Thanks for the info, Terry. How thick is the roof of your conservatory? I've just come across a 55mm version but it's more than twice the price of the same area of the cheapo BricoDepot 32mm panels. Even so, it may be worth the extra loot for the extra insulation and soundproofing.

I like the stuff and it would make the job so much easier. I will, however, have to convince the missus. I can erect the poly sheets myself - done a few - but, if it comes down to building a 'proper' roof, I'm going to get a roofer in. I'm getting too old for that malarkey.

Cheers !

Thanks for the info, Becky. A lot of the early poly roofs were only 16mm and, if it's in clear as against opal, it will transmit some heat. Some of the up-to-date ones have special heat-reflecting coatings, I believe - although I don't suppose the 'BricoDepot' stuff has that. Do you know how long they've had their roof and what thickness it is?

Your French neighbours are wrong about it breaking; it's seriously tough. When I was at Dartington College, one of my students wouldn't believe my 'unbreakable' claim, so I gave him a 6mm thick off-cut and a hammer and let him beat 7 bells out of it on an anvil. It distorted but it did not break; he was very impressed. As long as it is properly supported, as Terry says, it will not break.

Don't listen to the doom merchants, Becky. We've had more than 50 cm of snow on our conservatory rook and regularly have 20 cm and no sign it was even bending, let alone breaking. It has also resisted fierce hailstorms with no damage. After all, it's the same stuff as car headlights are made of these days. We thought of a glass roof but the price was prohibitive, particularly as the roof isn't just rectangular and everything had to be cut precisely to size and shape. It's been there for eight years so far and no sign of deterioration. The heat problem is eased by venetian blinds at the windows and, as I said earlier, an awning, either internal or external.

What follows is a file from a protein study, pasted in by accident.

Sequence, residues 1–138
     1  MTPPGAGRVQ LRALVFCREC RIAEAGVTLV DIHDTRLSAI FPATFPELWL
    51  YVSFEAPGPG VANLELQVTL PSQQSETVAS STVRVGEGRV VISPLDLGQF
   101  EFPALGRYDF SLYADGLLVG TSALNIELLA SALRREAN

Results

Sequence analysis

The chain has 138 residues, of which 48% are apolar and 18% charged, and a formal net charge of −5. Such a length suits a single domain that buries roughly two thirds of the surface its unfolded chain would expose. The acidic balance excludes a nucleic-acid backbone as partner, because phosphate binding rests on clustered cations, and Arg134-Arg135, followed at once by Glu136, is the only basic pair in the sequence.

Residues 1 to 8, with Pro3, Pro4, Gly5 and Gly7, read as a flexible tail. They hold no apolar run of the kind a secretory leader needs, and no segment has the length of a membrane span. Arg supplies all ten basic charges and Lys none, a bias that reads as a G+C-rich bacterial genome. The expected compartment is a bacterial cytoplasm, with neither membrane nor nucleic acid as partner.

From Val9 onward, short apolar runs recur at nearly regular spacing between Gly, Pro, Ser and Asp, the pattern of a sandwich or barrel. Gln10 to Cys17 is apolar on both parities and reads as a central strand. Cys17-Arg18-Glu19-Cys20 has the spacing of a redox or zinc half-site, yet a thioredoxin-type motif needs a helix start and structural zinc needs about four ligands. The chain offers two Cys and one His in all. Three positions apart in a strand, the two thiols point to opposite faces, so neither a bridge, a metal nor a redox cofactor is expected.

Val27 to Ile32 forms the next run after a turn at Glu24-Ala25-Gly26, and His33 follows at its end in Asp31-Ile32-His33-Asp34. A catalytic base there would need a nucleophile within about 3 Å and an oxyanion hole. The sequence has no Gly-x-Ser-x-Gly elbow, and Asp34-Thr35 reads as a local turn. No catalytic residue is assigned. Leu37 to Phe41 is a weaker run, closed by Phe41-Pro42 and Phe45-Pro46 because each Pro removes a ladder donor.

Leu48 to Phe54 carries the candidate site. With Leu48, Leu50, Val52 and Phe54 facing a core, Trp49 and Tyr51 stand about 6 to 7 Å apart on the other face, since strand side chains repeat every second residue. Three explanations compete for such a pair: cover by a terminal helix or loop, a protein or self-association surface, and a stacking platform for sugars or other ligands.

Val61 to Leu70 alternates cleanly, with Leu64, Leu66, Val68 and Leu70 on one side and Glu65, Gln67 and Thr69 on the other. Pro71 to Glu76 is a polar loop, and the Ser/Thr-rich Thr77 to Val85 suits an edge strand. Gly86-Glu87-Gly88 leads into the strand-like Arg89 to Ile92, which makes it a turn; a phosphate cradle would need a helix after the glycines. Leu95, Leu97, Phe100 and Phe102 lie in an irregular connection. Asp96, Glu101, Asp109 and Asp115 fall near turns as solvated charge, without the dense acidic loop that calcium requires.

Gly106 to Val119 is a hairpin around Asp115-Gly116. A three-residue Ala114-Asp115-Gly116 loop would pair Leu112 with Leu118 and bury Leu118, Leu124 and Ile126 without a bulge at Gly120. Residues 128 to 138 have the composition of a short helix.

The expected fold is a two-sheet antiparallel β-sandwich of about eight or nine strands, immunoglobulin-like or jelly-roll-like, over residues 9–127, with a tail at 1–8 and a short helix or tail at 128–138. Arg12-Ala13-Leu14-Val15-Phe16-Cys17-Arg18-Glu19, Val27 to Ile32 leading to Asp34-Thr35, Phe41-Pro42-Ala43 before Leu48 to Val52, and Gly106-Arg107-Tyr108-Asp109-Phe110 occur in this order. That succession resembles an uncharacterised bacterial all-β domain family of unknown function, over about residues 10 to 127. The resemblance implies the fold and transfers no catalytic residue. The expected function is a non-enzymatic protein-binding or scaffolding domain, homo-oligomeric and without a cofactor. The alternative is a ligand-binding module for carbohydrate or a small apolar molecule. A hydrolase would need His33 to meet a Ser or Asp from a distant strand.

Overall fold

My parents had a polycarbonate roof put on their conservatory in France too.

When it rains, you can't really sit out there the noise is so loud. In the summer, its too hot in the day, in winter its too cold. You can only really use the room mornings and evenings in summer or all day early autumn / late spring.

Also, the French people come in and start making noises, saying they can break if there is snow / will only last x years etc. If you can afford to go with a better roof I think it would be worth it in the long run.

I have had a polycarbonate roof for some years, Kent, on an aluminium framework put up by professionals. The walls and windows of the conservatory are all glass "anti-effraction" which reassures the insurance company and complies with French law to prevent kids running into them and going straight through. But the roof is polycarbonate. Yes, when it rains you know about it. Loud enough to drown the sound from the TV if we leave the door open but absolutely fine once the door is shut. It does get very hot in the summer which is why we installed a motorised awning above it. However, I don't know if what was used on our roof is the same as what you're planning to buy which may be better at reflecting the heat.